For more information visit

or email

North East: County Durham, Gateshead, Newcastle, North Tyneside, Northumberland, South Tyneside, and Sunderland.

Emma, Northumberland

Emma is a young single parent who has struggled with staying in employment since the birth of her daughter.  She says: “I’ve been employed, unemployed, faced homelessness, have gone periods without food in order to feed my child, struggled to find and pay for childcare so I can work when I can and accumulated large amounts of debt. I am just one example of thousands in my area battling with youth unemployment.

“It’s been incredibly important throughout Talent Match for young people to be an integral part of the decision making process. I look forward to helping implement great changes in my area with Talent Match to help young people find employment searches easier, less tedious and more creative.”

For more information visit

or email


Steven, 17, Kettering

Steven left school at 17. Steven tried sixth form, but after a year he dropped out as it wasn’t working out for him. All he could find were jobs in cleaning and administration – which, he felt, didn’t have any prospects for developing a career. Steven wanted something more challenging and suited to his interests so he started volunteering with disabled young people. He found this work much more enjoyable and through his volunteering he has found a new job.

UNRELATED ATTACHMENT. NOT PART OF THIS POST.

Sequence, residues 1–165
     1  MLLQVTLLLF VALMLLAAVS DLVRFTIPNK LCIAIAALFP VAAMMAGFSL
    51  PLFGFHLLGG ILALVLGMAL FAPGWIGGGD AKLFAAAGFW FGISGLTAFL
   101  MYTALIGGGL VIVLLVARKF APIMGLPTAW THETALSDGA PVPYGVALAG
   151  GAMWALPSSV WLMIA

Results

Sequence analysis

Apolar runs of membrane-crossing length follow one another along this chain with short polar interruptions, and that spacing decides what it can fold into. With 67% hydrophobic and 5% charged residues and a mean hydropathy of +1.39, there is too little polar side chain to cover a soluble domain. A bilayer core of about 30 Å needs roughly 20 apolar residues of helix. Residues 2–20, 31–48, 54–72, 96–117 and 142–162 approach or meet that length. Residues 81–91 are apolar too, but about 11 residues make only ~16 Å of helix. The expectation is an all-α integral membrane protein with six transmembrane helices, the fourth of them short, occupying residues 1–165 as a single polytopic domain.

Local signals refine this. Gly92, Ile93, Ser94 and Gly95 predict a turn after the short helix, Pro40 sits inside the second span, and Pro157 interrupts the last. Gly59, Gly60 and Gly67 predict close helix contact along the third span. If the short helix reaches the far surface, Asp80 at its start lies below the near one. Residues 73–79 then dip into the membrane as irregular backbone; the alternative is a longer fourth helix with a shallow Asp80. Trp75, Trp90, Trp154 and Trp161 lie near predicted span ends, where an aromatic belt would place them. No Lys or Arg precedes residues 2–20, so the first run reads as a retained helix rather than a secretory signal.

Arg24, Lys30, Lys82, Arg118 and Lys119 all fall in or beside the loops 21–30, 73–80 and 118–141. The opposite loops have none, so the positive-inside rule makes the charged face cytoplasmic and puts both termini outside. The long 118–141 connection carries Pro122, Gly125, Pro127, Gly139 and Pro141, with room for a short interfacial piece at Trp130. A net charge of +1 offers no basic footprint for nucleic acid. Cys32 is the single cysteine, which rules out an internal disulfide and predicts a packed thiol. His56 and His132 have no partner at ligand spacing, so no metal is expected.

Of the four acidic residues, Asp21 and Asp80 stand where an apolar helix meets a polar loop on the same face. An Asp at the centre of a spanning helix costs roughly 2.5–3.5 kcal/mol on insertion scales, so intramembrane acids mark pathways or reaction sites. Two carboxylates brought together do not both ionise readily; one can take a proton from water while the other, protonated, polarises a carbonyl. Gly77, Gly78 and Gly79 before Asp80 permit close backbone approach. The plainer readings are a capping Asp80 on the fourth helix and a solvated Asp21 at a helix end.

Steven says: I hope Talent Match will help other young people to overcome barriers in finding jobs with a future that are challenging and worthwhile. There is a real shortage of jobs that offer extra training and career growth which many young people really need. I want Talent Match to make it easier for young people to find aspirational jobs where they can develop their skills and better prospects for the future.”

For more information visit

or email


Peter, 21, Sheffield

Peter says “I loved the being part of the Talent Match process in Sheffield and I have met everlasting friends. Taking part has changed lives.  No matter what, we all need help into work and this is a great opportunity to positively impact the lives of young people; helping them into work by developing their skills’.

For more information email

South East

Sara, 28, South East

After being diagnosed with ME, Sara left school at 14. She studied hard at home to gain good qualifications and secure a place at Hereford College of Art. But, like many students, Sara struggled to find a job after leaving university.

“For about a year, I survived on very little and the whole experience made me feel low. The longer you find yourself unemployed, the scarier and harder it becomes to get back into work. I felt like I was dealing with all the stress on my own, which eventually started to impact my physical and mental health, but I knew I just had to keep on persevering.”